“Are you making eggnog with father’s alcohol stash?” I asked, leaning on the edge of the opposite side of the island.

“He won’t know if neither of us say a word,” My mother said, separating the egg yolks from the egg whites. She placed the yolks into the mixer, switching on the contraption which created a soft whirring sound.

“Are you using grandma’s recipe?” I asked, passing her the milk and cream. 

“Of course. It’s a family recipe when it comes to eggnog.”

Little Susan watched as her mother moved around the kitchen at a fast pace, two separate mixing bowls on the table with different contents in them. The speed of her whisking created a clanking sound as the metal whisk made contact with the walls of the mixing bowl.

One of the bowls was filled with just egg whites, beaten with sugar gradually added into the mix to form soft peaks. In the other was egg yolks, heavy cream, milk, bourbon and some nutmeg powder. After each mixture was complete, Susan’s mother combined the contents of the two bowls. That night, as her family of her parents’ and older brother gathered around the living room after a hearty dinner, her mother served up four glasses of something akin to milk.

She took a sip, feeling the cold yet sweet, creamy liquid glide down her throat with a hint of heat warming her up due to the bourbon her mother used.

“Susan dear, do you like the eggnog?” her mother asked.

“It’s good, mama.” Susan smiled, nodding her head.

From that moment on, eggnog has been Susan’s favourite every Christmas. The key ingredient is the bourbon which just makes it taste luxuriously fine.

“Here you go, have a sip!” Elle looked down to see a glass of eggnog with some nutmeg powder sprinkled on the top as a final touch. She brought the glass up to her lips, letting the creamy liquid glide down her throat. It was, to say the least, truly satisfying. It may have been cold, but it warmed her up as compared to the biting cold outside the house.

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3. Chocolate Bark – Me

I had just gotten out from my last class of the day and decided to take a stroll down one of the streets near my campus. I came across a small confectionery store with a chocolate fountain on display by the outward-facing window which brought a smile to my face. Being a huge chocolate lover, I’m down for anything that involves that sweet goodness.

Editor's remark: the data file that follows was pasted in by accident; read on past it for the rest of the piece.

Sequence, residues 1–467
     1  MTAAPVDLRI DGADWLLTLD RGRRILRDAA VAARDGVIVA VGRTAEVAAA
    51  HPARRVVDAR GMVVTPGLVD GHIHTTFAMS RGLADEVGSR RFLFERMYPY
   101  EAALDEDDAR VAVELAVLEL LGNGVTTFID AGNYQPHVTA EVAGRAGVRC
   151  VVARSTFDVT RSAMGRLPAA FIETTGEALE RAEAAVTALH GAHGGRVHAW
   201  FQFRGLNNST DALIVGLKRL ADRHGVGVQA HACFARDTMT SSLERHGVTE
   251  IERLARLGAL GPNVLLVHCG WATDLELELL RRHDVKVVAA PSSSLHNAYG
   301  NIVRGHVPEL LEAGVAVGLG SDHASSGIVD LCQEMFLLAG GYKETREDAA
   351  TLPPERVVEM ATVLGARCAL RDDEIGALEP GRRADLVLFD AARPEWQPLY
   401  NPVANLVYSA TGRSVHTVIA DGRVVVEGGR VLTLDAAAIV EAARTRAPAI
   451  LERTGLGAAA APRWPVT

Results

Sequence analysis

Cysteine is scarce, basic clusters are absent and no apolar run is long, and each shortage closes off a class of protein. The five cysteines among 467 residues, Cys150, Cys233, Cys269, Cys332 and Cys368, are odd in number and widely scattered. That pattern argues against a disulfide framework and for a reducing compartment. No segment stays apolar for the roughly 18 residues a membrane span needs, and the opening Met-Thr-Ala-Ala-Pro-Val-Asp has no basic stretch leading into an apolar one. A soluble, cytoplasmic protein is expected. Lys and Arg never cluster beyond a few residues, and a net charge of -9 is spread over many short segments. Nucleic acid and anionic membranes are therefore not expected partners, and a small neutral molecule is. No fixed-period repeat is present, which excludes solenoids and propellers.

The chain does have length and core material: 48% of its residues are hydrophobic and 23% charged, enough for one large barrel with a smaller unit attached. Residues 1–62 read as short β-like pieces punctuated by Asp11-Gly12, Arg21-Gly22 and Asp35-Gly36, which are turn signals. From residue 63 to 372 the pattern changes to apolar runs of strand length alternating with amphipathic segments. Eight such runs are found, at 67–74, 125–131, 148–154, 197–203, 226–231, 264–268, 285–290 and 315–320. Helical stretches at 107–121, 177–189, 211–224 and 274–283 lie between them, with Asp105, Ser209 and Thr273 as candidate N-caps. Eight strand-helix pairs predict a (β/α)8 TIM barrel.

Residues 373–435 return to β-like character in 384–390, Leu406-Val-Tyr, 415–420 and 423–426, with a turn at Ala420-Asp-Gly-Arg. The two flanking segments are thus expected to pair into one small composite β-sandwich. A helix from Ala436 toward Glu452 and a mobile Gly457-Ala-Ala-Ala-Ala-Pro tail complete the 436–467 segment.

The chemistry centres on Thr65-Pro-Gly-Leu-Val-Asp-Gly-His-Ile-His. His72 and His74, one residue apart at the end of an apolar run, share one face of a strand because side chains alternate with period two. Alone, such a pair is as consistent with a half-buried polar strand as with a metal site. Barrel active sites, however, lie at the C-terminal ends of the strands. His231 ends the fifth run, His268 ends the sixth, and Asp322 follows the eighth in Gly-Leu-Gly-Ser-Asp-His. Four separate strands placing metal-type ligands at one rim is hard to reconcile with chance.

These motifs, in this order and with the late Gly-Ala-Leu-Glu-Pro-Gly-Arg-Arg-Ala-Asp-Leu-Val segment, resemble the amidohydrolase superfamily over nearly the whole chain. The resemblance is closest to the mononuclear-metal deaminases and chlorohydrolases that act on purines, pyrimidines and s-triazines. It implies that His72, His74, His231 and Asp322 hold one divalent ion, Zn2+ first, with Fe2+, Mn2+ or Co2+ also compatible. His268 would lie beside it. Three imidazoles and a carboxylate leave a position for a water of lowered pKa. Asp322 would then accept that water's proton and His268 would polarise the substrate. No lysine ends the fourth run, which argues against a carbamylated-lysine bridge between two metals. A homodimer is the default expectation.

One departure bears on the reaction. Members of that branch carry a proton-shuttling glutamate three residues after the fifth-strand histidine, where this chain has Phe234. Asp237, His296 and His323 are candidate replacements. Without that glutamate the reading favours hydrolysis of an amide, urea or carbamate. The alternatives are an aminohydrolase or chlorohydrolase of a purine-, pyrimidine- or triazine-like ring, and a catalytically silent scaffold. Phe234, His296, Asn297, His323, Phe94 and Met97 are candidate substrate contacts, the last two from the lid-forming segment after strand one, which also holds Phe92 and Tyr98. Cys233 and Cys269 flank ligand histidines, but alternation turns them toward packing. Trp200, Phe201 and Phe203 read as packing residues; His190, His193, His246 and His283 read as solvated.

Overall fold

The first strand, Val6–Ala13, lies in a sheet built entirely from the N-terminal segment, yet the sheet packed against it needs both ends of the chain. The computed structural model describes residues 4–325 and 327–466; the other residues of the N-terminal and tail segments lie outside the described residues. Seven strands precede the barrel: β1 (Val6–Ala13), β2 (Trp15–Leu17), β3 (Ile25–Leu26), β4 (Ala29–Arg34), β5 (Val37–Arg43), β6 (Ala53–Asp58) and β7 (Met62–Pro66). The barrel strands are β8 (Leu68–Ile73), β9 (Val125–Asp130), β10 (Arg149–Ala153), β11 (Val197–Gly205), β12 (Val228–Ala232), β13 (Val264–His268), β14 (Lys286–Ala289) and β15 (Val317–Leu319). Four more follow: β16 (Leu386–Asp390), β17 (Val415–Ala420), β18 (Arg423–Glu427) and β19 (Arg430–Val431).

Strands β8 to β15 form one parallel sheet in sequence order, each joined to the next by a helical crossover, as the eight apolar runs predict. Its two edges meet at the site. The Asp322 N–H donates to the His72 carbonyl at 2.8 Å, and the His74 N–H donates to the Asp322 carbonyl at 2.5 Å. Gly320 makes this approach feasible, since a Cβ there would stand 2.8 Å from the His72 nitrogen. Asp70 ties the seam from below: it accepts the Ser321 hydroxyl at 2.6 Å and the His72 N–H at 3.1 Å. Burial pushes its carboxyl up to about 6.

Before I knew it, my legs were taking me towards the entrance of the store, my hands pushing the door open and myself being greeted by the cashier. Looking around the store, I saw all sorts of chocolate – dark, milk, and white – packaged differently. One particular product really took me back, chocolate bark.

 It’s simply delicious and fairly easy to make. The first thing to do is to melt the chocolate – bar or you can even use chips – either using a double boiler or in the microwave. Then, after it is melted, one can add in their desired flavourings and fillings such as nuts or fruits or even crushed peppermint candy canes, before spreading it out on a baking tray lined with either a silpat mat or parchment paper. Once it’s evenly spread, one can opt to top the bark with extra toppings.

My first encounter with it was during a trip to Aunt Mary’s farmhouse. Uncle Ben came home with 10 bars of dark chocolate, saying it was a gift from the office. And because she had just finished picking some pomegranates from the orchard, she decided to come up with a chocolate bark combining those two main ingredients together.

“That’s a lot of chocolate, Mary!” my mother exclaimed from the kitchen.

“Ben got them from his office. They probably had their annual Secret Santa,” Aunt Mary explained.

“However, no worries. I decided to use them for the bark this year!” she chirruped happily.

“Aren’t these pomegranates from the orchard?” my mother asked, picking up said fruit which was full-on red, indicating its ripeness.

“You’re correct, there. They’re going to be used for the bark, too!”